Green circles represent when the stylus was placed on the screen, and red circles represents when it was lifted, corresponding to SDL's MOUSEBUTTONDOWN and MOUSEBUTTONUP events. As can be seen, there are times when it thinks you've lifted the stylus when you haven't, and a fair amount of jitter, usually in the horizontal axis.

Thursday, November 8, 2007

Linux on a Thinkpad X61

My X31 which I repaired a while ago died again. This time I think the system board is gone, as there are no signs of life. Nothing I do, even plugging in a power cord (and I tried several), will make any of the LEDs light up. It is functionally equivalent to a brick.

I decided to purchase a Thinkpad X61 instead of a replacement system board. I chose to stick with the Thinkpad X series for several reasons. For starters, Thinkpads endure. Well, apart from my X31, though it still outlived other brands I've tried. I even have an old Thinkpad 240 that's still running strong.

Another reason is that I want a good balance of small footprint and performance. I went through a phase long ago where I thought the biggest baddest laptop that money could buy was the right choice, but after trying it once, I discovered clunkiness destroys half the appeal of a laptop, and furthermore, a cheap desktop with accessories will give a much better computing experience.

But most importantly, Thinkpads have a good track record with Linux support. Nonetheless, I did a few quick Google searches to confirm that this was the case for the X61. Happily there are many results.

My X61 arrived last month, and with Vista installed by default. Vista is astoundingly bad. Not only is it slow, but every few actions, everything grinds to a halt until I handle some dialog box about giving permission to some process or other.

I suppose some effort was put into making the interface look slicker, but there is also plenty of extraneous rubbish that serve only as visual distractions and annoyances. Perhaps Microsoft is not entirely to blame, as some of the pop-ups are plastered with the Lenovo logo.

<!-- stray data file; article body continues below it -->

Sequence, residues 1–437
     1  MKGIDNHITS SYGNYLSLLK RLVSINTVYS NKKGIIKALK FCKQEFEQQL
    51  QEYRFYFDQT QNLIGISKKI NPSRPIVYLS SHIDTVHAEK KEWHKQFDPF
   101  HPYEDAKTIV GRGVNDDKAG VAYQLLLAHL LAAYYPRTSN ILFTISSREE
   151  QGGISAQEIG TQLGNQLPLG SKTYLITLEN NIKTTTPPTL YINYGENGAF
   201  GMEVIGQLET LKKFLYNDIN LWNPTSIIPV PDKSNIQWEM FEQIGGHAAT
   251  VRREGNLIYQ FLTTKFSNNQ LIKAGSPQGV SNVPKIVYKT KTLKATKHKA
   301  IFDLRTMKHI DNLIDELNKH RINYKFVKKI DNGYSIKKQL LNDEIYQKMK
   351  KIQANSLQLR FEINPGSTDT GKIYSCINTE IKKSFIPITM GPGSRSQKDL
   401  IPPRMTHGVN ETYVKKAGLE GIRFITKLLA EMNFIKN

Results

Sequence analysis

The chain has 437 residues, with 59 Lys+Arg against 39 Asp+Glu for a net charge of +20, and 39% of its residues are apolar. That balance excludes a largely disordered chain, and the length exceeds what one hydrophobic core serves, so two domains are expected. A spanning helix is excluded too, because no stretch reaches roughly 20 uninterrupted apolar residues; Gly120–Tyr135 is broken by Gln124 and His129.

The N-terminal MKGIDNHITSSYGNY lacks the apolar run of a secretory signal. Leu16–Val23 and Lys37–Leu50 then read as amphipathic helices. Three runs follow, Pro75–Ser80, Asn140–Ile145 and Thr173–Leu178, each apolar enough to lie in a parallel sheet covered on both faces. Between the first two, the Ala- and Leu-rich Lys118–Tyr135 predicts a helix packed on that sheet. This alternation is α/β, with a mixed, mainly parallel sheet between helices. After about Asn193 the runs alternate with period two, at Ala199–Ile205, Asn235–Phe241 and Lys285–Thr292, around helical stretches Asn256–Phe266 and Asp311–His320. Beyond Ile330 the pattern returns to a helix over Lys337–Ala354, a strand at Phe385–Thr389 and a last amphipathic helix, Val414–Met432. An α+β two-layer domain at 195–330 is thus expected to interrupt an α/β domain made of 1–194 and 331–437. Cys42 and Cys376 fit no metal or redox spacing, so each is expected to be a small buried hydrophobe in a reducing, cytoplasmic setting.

In any case, my new system was unusable. I had to escape from Vista. It had been a long time since I had last installed Linux, as once setup correctly, there's rarely a reason to reinstall. I spent some time learning about the latest installation methods.

Network Installation

There's no need to prepare a floppy, CD or any other kind of removable media. Visit from any version of Windows, including Vista, and you can have Debian up and running within minutes.

Note UNetbootin is a similar program for Ubuntu, but Vista support is still in the works.

There was one small hiccup. The Debian-installer loader ran fine, but a reboot brought be back to Vista (taking forever to load of course). After further research I discovered that I had to mess with the BCDEDIT program to set a nonzero delay so I could actually select Debian from the Vista boot menu.

Then deja vu. I was reminded of the first time I tried installed a Linux desktop: back then, it must have taken me a day to get sound working, and another for the network.

The wireless didn't work. Neither did the sound. The "vesa" graphics driver performed badly: switching back to text mode resulted in a blank screen. This system is too new for Debian.

I had read success stories using the development version of Ubuntu ("Gutsy Gibbon"), and a few unsuccessful attempts at getting the wireless working I figured I'd switch.

I tried to do so with UNetbootin (run from Debian) but I must have screwed something up because I was left with an unbootable system: the Grub bootloader had taken over the master boot record, and was somehow configured badly. To salvage the situation, I used a PXE network boot, and from a menu option I installed Gutsy.

The wireless network card (Intel 4965) worked out of the box, as did the "intel" video driver for X windows. Back when I first tried this, and before Gutsy was officially released, sound didn't work and I had to download and compile the development version of ALSA's "hda_intel" driver to rectify this. But the latest version works out of the box.

Various buttons such as the brightness and volume controls have no effect, but if I were so inclined, I could fix this by scripting commands with the aid of the ibm-acpi package.

Mission Accomplished

My laptop is now usable. Not only that, but it is orders of magnitude faster and smoother than any other system I use. I have more to say, but rather than delay this post yet again, I'll save the material for future articles.